Review by nastynate3118
""Make sure you live up to it.""
Faxanadu is essentially a repaired version of Zelda II. This platformer has a lot of RPG elements and may be considered an early example of a true action-adventure RPG combination. The game has a certain charm to it and while frustrating at times, is an absolute blast to play. Allow me to explain
Gameplay - 8/10
The gameplay in this game takes some getting used to, but once you get past the (short) learning curve you will have fun hacking and slashing. It is very similar to Zelda II in that it is a side-scroller hack-and-slash game, however there is no overworld component. The beginning of the game is rather annoying due to your character's very short reach and inability to hit small monsters, but over time you gain better weapons with farther reach that make the gameplay more enjoyable. You essentially walk from town to town collecting items to improve your equipment and gain access to new areas with the ultimate goal of defeating a monster that is plaguing the country you are in. It is a very fluent and smooth transition that is not tedious at all. I only had to level grind twice during my playthrough, but it is entirely possible to get through without ever doing that. This allows for the gameplay to be very action-oriented and put the RPG elements in the passenger seat. It also helps that the NPCs in this game are very helpful and finding out your next objective is never a mystery.
Like most NES games, there are a few features of this game that are absolutely infuriating. Enemies respawn as soon as you leave a screen and if you need to backtrack through that area you must defeat the same enemies again. This is especially annoying when there are very powerful enemies that impede your progress and require a lot of magic to defeat. Worse, sometimes when you are in the middle of a dungeon and step out of a door, enemies will instantly attack you and there is nothing you can do to defend yourself. These poor level-design choices make the game frustrating at times.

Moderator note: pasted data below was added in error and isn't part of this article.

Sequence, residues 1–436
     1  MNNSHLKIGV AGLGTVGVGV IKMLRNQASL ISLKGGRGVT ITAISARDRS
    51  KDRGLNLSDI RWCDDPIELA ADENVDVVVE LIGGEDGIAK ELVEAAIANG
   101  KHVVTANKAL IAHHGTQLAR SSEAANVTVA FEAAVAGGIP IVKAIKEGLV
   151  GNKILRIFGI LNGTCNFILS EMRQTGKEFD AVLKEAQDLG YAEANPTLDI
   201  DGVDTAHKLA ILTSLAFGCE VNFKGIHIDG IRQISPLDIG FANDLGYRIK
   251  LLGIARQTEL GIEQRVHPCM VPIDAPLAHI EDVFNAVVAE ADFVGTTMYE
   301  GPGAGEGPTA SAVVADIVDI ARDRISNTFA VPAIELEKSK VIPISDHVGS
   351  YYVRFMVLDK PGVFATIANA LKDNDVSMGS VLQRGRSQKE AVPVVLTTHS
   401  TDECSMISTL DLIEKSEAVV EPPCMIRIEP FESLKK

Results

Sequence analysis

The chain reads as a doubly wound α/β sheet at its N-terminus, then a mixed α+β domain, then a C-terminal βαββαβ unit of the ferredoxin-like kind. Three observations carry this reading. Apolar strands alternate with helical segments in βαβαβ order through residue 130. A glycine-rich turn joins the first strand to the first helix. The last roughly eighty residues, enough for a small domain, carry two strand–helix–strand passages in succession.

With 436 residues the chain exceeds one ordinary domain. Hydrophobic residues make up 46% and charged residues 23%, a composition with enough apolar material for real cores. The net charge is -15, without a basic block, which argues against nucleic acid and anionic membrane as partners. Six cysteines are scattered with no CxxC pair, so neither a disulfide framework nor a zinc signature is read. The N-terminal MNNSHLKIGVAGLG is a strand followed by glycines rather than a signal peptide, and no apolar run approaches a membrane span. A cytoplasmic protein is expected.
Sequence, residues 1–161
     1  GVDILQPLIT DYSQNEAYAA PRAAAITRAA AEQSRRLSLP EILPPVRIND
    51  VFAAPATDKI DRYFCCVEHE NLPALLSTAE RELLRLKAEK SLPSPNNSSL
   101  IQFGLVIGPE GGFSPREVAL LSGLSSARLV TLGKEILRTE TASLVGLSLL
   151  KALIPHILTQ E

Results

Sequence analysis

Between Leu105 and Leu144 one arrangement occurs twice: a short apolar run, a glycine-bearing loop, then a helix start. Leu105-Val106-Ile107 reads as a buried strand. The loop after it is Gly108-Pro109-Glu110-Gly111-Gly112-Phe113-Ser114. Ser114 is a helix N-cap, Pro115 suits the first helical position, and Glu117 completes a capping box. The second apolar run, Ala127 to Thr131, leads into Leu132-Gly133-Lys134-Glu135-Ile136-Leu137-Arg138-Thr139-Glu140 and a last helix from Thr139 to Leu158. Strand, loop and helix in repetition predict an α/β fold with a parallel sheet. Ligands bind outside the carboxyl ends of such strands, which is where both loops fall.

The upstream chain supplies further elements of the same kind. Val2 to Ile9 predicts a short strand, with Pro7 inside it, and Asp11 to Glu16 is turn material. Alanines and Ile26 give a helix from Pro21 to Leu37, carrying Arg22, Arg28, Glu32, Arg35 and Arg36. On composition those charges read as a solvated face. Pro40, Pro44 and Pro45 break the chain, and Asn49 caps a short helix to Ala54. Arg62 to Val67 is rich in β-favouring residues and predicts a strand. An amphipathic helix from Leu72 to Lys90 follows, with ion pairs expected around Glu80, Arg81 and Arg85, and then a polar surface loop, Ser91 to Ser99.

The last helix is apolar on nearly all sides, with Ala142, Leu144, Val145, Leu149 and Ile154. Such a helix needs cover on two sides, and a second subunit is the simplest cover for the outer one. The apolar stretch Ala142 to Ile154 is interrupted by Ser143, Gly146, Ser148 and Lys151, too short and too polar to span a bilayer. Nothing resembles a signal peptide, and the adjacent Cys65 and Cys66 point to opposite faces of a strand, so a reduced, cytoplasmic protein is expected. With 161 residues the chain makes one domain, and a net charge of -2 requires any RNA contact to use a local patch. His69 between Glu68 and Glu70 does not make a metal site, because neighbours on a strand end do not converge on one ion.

Another strange challenge in this game is that there is essentially no way to refill your magic bar in a dungeon. In the first town of the game Elixirs are sold that can do this, but you never see them again during the course of the game. The only way to refill your magic is at a hospital in a town. It creates the innovative challenge of strategizing what magic you have to use in a dungeon and when to use it. Some players may be annoyed by this but the concept is an intriguing one.
The interface in this game is rather odd. When you enter a shop and you want to buy something, you have to jump onto the store counter and walk right into the face of the shop keeper (which is actually pretty funny). For some reason when I played the game the Sell option never worked and I could only buy new items. Another annoying interface problem comes when you visit a hospital and talk to the doctor. He will automatically heal you and take the hefty sum of money without asking if you want to pay that much for treatment, unlike virtually every other RPG in existence.
The password system in this game is pretty nutty. I never understood why NES games required extremely long passwords, but this game utilizes passwords ranging from 16-20 characters. To make the problem even worse, there are numbers, upper case letters, lower case letters and random punctuation marks. Players should be weary of this, especially when a password has the characters o, O and 0 in it. Upon entering a password, you are returned to the town guru with a certain amount of gold depending on what rank you are (determined by experience points). This can be exploited pretty easily by simply spending all of your money, writing down a new password and then restarting with the same items but replenished gold. The ranking system serves no other purpose and is ultimately a useless feature and interface problem for the game, especially since it can be exploited so easily.